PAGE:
Knowledge of women during the Parthian Period is not as complete as those of the Achaemenid Empire because of the destruction of so many records and works when the empire fell to the Sassanians in 224 CE. Further, however, the Parthians decentralized the ancient Persian government in an effort to avoid the perceived weakness of the earlier Seleucid Empire (312-63 BCE) and so there was no central repository for records as there had been in the time of the Achaemenids. Scholar Maria Brosius notes:
The sources do not permit a detailed discussion of the ranking order among the women of the court, nor of their possible political influence and economic independence. On the basis of Achaemenid and Seleucid practices, one can only hypothesize that Parthian royal women, too, owned land and estates, as well as manufactures. (Encyclopedia Iranica, Women, 10)
Brosius also makes clear that no information is available on the legal or economic status of women during this time nor, for the most part, even what they wore or their level of autonomy. It is believed, based on the evidence available, that women continued to be regarded in much the same way they were under the Achaemenid Empire and were accorded the same level of respect.
The lifestyle and activities of royal Parthian women seem to have mirrored those of the Achaemenid Period or, at least, of royal women of the Seleucid Period which continued many of the Achaemenid policies. One example of this concerns marriage contracts in that Parthian monarchs continued the Achaemenid practice of marrying members of their own families but, for royalty, this was not considered incestuous. The Parthians deviated from the Achaemenid model in that concubines could marry into royalty and even assume the title of queen.
The best example of this is Musa (also known as Thermusa, r. 2 BCE - 2 CE) who was presented to the Parthian king Phraates IV (r. 37-2 BCE) by the Roman emperor Augustus (r. 27 BCE-14 CE) as a concubine in concluding the treaty over Armenia in 20 BCE. Musa was able to win the favor of Phraates IV and became his principal wife before having him poisoned and elevating her son, Phraates V (r. 2 BCE-2 CE), to the position of co-ruler with herself.
Evidence for women in the military during this period comes from inscriptions and excavated tombs. Kaveh Farrokh writes:
A summary of a report made by the Reuters News Agency in 3 December 2004, entitled `Bones Suggest Women Went to War in Ancient Iran’ noted that DNA tests made on a 2,000-year-old skeleton of a sword-wielding warrior in northwest Iran have shown that the bones belonged to a woman. The time length of 2,000 years would place the warrior-woman in the Parthian era…other ancient tombs belonging to Iranian women warriors have also been excavated near the Caspian Sea in northern Iran. (128)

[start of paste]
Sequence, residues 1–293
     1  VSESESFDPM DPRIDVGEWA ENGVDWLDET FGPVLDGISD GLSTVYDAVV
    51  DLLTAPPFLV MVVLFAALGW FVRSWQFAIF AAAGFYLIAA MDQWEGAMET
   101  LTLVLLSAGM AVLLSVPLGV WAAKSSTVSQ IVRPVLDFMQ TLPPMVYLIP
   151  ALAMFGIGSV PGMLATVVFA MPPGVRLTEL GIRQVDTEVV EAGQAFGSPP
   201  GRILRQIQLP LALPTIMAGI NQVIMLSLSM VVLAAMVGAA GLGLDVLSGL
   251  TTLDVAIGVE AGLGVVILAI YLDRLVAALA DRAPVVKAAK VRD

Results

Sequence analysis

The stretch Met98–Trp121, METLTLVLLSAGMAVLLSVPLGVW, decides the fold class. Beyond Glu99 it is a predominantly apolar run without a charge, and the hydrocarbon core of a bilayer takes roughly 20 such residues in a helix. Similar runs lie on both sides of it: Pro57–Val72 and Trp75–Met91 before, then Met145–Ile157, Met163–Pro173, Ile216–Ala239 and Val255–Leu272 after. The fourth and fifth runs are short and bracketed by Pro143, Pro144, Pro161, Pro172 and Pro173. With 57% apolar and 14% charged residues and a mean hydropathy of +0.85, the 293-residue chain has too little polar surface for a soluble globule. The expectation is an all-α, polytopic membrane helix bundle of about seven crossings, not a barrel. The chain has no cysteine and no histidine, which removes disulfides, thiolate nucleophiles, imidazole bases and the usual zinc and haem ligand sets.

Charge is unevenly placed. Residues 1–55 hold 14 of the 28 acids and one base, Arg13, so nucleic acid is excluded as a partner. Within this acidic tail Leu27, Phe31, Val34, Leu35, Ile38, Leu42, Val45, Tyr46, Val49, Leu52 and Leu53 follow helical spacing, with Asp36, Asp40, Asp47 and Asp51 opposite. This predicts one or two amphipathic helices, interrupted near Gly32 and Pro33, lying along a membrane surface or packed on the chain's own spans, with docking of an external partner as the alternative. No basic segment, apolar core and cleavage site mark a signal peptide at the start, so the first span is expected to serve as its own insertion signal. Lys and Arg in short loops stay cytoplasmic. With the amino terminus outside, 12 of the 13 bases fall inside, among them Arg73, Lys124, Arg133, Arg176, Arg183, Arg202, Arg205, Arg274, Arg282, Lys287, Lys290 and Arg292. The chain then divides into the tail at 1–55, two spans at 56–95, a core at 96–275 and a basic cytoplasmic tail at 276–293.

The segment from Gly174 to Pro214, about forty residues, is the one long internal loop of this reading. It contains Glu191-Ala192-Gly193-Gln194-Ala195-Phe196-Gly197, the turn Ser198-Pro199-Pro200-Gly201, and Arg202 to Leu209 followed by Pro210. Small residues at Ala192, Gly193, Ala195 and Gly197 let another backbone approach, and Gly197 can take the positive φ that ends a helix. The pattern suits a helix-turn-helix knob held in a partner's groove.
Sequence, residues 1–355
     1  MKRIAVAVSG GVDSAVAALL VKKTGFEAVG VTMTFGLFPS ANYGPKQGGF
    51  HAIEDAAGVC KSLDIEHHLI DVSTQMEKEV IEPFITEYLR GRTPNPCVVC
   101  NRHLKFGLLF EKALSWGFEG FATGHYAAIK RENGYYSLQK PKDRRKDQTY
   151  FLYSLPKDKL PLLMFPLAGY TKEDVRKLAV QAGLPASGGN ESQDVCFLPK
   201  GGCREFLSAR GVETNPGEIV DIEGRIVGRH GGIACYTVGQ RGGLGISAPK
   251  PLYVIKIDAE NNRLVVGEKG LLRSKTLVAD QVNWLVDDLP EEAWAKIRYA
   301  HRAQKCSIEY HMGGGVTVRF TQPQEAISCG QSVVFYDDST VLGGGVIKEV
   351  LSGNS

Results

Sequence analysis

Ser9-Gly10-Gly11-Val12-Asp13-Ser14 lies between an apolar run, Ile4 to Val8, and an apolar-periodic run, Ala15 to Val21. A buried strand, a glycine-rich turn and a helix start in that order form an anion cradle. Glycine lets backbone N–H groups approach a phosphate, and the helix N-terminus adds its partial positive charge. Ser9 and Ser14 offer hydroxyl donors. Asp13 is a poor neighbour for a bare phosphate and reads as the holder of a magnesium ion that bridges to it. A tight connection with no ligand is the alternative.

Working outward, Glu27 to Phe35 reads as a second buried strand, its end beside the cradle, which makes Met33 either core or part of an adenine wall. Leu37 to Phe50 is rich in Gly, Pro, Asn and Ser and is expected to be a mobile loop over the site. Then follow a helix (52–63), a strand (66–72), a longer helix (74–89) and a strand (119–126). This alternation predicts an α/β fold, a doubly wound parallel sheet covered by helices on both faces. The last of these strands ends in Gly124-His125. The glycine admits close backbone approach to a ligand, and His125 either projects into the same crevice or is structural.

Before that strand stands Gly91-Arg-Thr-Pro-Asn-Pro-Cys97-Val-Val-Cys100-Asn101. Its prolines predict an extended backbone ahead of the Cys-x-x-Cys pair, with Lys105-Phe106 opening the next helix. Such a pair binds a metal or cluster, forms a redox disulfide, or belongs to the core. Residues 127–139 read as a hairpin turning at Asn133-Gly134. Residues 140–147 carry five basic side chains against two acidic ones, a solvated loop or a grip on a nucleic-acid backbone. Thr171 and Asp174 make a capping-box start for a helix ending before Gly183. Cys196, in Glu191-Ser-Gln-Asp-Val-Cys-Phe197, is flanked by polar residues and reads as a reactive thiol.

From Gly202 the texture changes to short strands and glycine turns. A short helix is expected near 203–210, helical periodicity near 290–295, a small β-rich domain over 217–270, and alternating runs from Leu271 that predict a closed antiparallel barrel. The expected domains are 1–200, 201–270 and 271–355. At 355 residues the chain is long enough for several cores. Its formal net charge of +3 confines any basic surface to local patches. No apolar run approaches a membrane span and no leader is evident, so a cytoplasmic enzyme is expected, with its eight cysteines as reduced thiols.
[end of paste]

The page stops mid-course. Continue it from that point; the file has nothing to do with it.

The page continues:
The most famous woman warrior of this period was Sura (d. c. 224 CE), daughter of the Parthian king Artabanus IV (r. 213-224 CE), who also served as his advisor and general of his army. She led her father’s forces against the armies of Ardashir I (r. 224-240 CE), who toppled the Parthian Empire and founded the Sassanian. After Ardashir I killed her father in battle, Sura sought revenge and is thought to have also been killed by Ardashir in battle sometime after her father’s death.
Merchants and Laborers
There is no specific information on female Parthian merchants or laborers but it is assumed that in this, as in other aspects, the Parthians adhered more or less to the Achaemenid model. Slavery in the Parthian period followed the earlier paradigm to such an extent as to be almost non-existent when compared to how the institution was practiced in other civilizations.
The Sassanians kept the Achaemenid policies regarding women's place in society but allowed for greater freedom of expression and autonomy. Sassanian royal women wielded more power and influence than their predecessors, are mentioned more often in official records as individuals of note, and were far more frequently depicted in artwork.
Scholars have often misunderstood the high status women held and their place in artistic representation by interpreting works that feature women as depicting deities. Although goddesses do appear in Sassanian art, mortal women are seen far more frequently.